DOWA, Malawi—“Now I know that I have the right to quality education, the right to freely express my opinion and that early marriage is not a solution – thanks to the safe space, because it has made me aware of my human rights,” said Alinat Fackson, 17, who received mentoring at Tilimbike Safe Community Space.
“Girls, let’s stay in school and focus on our education,” she advises her peers.
Alinat is from Chiludzi village in Dowa. One of 16 adolescent girls and young women who are part of the mentorship programme at the Tilimbike Safe Community Space, run under the Spotlight Initiative, she has renewed hope for achieving her full potential as she now understands how to make informed decisions about the future she wants.
The Spotlight Initiative targets the most at-risk groups with focused efforts to eliminate violence against women and girls, including sexual and gender-based violence (GBV), and harmful practices such as child marriage.
Getting adolescent girls and young women out of vulnerable spaces, where their rights and choices are limited or not accessible, is the cornerstone of these mentorship sessions, as Ricksani Alice, 19, who was married at a young age, describes:
“Due to safe space sessions, I have come to realize that early marriage is not a good thing as one can easily get childbirth complications associated with early childbirth, such as fistula or even maternal death,” said Ms. Alice.
In the mentorship sessions, girls are taught life skills and about their human rights, including sexual and reproductive health and rights, and how to refrain from negative social behaviours. These have brought positive results for the community, as the girls become able to speak out and challenge negative social norms that drive harmful practices, such gender-based violence, child marriage and teenage pregnancy.
“With this mentorship programme, I can proudly say girls are becoming change-makers and they will reach their fullest potential,” said Twambilire Kayuni, Programme Coordinator, Girls Empowerment Networks (GENET).
Working collectively to end gender-based violence and harmful practices
Addressing community members from Chizungu village in Traditional Authority Dzoole, Dr. Julitta Onabanjo, UNFPA Regional Director for East and Southern Africa, said there is a need for all community members – including cultural and religious leaders, district officials, men and boys – to work together to ensure an end to gender-based violence and harmful practices.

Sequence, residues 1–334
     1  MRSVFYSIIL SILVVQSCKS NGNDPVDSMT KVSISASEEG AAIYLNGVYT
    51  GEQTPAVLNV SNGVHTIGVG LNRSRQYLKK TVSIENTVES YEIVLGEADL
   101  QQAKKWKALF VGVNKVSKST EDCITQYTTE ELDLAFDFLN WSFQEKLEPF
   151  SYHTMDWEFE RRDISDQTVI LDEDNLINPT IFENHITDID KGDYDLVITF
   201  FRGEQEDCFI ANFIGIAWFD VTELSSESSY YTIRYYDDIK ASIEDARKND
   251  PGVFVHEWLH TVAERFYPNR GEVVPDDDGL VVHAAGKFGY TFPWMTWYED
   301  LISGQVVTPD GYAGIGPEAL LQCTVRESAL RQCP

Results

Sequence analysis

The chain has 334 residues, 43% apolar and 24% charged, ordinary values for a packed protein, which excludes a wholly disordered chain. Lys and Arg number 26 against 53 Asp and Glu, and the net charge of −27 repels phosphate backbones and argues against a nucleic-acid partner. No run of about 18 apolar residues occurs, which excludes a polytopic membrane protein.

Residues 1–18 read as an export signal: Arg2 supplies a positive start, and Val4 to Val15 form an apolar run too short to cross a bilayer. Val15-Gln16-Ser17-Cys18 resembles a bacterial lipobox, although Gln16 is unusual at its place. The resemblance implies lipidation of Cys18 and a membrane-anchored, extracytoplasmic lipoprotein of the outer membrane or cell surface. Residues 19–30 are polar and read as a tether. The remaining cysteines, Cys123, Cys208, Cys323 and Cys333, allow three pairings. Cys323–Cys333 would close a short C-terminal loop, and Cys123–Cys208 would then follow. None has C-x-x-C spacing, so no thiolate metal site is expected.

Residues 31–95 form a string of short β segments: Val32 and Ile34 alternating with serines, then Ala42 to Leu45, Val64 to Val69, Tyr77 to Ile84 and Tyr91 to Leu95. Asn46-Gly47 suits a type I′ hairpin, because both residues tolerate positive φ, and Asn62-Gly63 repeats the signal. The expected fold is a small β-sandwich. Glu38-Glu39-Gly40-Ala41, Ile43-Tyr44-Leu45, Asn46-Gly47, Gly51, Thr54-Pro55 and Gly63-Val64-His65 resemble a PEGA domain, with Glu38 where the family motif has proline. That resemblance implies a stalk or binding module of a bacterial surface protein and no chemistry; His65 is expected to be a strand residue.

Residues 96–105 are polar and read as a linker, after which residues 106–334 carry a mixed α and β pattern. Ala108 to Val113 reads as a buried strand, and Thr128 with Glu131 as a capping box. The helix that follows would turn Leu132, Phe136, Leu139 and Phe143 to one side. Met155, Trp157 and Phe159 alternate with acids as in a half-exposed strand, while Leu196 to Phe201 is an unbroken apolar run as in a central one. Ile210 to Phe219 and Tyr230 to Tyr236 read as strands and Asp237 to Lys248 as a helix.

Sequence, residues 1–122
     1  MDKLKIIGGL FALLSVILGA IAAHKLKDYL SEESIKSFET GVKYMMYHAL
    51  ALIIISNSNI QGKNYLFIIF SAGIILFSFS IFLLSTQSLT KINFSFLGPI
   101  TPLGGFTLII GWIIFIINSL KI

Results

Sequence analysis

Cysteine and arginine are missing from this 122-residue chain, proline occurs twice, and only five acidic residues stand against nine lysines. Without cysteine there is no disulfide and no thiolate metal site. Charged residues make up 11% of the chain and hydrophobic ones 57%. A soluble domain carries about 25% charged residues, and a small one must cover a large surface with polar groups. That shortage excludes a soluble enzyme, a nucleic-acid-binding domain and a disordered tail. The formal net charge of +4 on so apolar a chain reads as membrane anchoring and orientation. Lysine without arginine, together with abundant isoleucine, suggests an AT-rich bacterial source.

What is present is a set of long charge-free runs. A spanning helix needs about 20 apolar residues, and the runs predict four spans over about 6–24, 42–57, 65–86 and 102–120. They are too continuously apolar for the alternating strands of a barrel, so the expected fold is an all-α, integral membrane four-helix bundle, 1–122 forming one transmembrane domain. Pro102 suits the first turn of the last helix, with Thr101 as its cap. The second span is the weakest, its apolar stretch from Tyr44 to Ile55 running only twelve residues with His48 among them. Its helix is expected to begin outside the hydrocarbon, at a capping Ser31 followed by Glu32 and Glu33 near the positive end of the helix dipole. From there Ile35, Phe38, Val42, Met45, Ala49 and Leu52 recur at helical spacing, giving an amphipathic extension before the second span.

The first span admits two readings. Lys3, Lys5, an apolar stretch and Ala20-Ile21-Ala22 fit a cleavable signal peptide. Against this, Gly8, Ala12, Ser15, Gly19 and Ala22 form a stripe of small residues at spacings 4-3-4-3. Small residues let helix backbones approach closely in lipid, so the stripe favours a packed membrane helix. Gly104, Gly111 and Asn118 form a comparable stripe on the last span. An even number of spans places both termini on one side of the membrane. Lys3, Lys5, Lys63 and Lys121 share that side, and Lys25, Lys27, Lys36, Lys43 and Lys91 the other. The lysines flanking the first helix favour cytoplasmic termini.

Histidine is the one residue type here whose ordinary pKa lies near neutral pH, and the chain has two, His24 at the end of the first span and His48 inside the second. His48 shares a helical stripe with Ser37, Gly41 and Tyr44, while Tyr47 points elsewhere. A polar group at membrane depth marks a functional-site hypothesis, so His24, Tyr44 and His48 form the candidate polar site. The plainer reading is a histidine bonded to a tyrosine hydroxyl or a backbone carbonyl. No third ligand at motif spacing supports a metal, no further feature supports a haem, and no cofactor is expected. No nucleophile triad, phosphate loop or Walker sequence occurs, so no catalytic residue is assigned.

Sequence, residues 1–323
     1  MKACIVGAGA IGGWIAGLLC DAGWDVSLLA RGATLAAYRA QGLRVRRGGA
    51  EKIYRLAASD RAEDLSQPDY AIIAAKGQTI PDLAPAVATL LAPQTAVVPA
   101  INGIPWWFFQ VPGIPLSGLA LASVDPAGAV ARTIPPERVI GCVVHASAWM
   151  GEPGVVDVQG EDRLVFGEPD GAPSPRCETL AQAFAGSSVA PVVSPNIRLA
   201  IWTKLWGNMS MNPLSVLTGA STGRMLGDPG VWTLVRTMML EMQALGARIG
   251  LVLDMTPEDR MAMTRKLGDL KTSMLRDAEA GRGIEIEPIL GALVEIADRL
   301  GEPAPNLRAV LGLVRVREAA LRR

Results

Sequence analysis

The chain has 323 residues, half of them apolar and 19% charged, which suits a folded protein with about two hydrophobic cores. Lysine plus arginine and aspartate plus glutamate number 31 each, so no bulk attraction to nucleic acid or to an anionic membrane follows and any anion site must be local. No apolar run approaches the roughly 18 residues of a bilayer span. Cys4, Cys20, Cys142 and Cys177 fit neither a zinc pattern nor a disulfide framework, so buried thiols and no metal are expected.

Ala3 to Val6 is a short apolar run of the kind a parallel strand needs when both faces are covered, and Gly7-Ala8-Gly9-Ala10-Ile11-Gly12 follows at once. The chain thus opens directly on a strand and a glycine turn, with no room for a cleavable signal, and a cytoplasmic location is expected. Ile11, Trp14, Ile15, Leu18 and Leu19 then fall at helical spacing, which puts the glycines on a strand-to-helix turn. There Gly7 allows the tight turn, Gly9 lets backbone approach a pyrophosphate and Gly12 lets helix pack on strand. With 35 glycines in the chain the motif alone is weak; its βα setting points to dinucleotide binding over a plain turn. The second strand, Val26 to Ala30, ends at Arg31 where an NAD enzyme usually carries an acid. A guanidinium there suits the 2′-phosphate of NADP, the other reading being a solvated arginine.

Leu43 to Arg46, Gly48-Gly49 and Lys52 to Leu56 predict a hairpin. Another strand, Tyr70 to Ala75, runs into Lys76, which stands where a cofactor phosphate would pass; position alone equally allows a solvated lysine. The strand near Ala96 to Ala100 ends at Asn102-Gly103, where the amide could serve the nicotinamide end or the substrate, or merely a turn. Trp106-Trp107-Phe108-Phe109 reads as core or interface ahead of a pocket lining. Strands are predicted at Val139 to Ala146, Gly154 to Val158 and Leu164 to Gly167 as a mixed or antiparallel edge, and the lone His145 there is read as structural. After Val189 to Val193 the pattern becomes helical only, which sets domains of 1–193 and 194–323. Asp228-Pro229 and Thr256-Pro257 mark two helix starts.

The decisions that men take affect women, and it’s important that they treat us [women] as equals. We want to hold hands together to make Malawi a better place,” she said.
“My humble request to the mentees today borders on three important things, as I ask them to be a sister’s keeper and ensure that there is no teenage pregnancy, no gender-based violence and no child marriage. But they can only do that if the community enables them to do that,” said Dr. Onabanjo.
Senior Chief Traditional Authority Dzoole agreed. “We are determined to keep girls in school so that we can have educated adolescent girls and young women in our community, who will contribute to the prosperity of this area,” he said.
Senior Chief Dzoole commended all those involved in the Spotlight Initiative for giving adolescent girls and young women a voice, as well as the ability to call out perpetrators of gender-based violence, as more girls now understand the reporting channels for GBV.
“Let’s work together to end violence against women. We are ready to make this a reality,” said Council Chair, Martin Luka Phiri.
Mentorship sessions help prevent teenage pregnancy and child marriage during COVID-19
To ensure that adolescent girls and young women are safe from the negative impact of COVID-19, such as early marriage or teenage pregnancy, the mentorship sessions are proving an effective model of prevention of these harmful practices.
“During COVID-19 there were zero teenage pregnancies and zero child marriages from [among] the mentees, proving that girls are able to make decisions over their bodies and over their lives, and also determine what their future will be,” said Beatrice Kumwenda, UNFPA Gender Programme Officer and focal point for the UN joint Spotlight Initiative.
As many adolescent girls and young women found themselves at home due to school closure, as a result of lockdown measures, safe community spaces provided many of the mentees with an opportunity to interact with their peers.
“I am happy to see that the girls are on the right track and they must continue to stay put,” said Ambassador Mr. Ivo Hoefkens, Head of Cooperation (chargé d’affaires) of the European Union delegation to Malawi.
Mentorship sessions, covering 360 mentors across the focus districts of Dowa, Ntchisi, Mzimba, Nkhatabay, Machinga and Nsanje, are creating a cadre of 7,000 young women with knowledge and assertiveness skills, who are able to challenge harmful practices that fuel gender-based violence in the communities, and provide advice to women and girls, especially survivors of GBV.
“Investing in adolescent girls and young women will make a huge difference and bring sustained prosperity to these communities,” said Maria-Jose Torres, United Nations Resident Coordinator in Malawi.
The Spotlight Initiative is a joint programme implemented by UNFPA, UNICEF, UNDP and UNWomen. It is tailored to promote the guiding principle of Agenda 2030 to “leave no one behind”, as it envisions a comprehensive prevention strategy that addresses structural issues and linkages to sexual and reproductive health and rights.